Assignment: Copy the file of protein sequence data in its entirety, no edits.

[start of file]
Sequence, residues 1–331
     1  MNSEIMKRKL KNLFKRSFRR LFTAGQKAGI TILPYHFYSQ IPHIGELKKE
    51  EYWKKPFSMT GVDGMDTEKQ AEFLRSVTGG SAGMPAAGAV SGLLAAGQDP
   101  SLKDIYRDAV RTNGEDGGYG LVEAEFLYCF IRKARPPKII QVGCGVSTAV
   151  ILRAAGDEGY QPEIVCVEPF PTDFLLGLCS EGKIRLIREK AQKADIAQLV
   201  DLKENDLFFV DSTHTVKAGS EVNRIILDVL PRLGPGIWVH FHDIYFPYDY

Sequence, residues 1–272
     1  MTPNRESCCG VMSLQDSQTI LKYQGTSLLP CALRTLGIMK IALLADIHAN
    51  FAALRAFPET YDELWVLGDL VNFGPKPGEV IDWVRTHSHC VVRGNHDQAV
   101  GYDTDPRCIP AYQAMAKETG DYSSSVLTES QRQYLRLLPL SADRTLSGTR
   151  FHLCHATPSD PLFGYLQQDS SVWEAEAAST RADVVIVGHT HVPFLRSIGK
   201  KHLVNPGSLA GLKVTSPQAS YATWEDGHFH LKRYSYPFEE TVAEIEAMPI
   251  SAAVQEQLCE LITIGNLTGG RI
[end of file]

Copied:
Sequence, residues 1–331
     1  MNSEIMKRKL KNLFKRSFRR LFTAGQKAGI TILPYHFYSQ IPHIGELKKE
    51  EYWKKPFSMT GVDGMDTEKQ AEFLRSVTGG SAGMPAAGAV SGLLAAGQDP
   101  SLKDIYRDAV RTNGEDGGYG LVEAEFLYCF IRKARPPKII QVGCGVSTAV
   151  ILRAAGDEGY QPEIVCVEPF PTDFLLGLCS EGKIRLIREK AQKADIAQLV
   201  DLKENDLFFV DSTHTVKAGS EVNRIILDVL PRLGPGIWVH FHDIYFPYDY

Sequence, residues 1–272
     1  MTPNRESCCG VMSLQDSQTI LKYQGTSLLP CALRTLGIMK IALLADIHAN
    51  FAALRAFPET YDELWVLGDL VNFGPKPGEV IDWVRTHSHC VVRGNHDQAV
   101  GYDTDPRCIP AYQAMAKETG DYSSSVLTES QRQYLRLLPL SADRTLSGTR
   151  FHLCHATPSD PLFGYLQQDS SVWEAEAAST RADVVIVGHT HVPFLRSIGK
   201  KHLVNPGSLA GLKVTSPQAS YATWEDGHFH LKRYSYPFEE TVAEIEAMPI
   251  SAAVQEQLCE LITIGNLTGG RI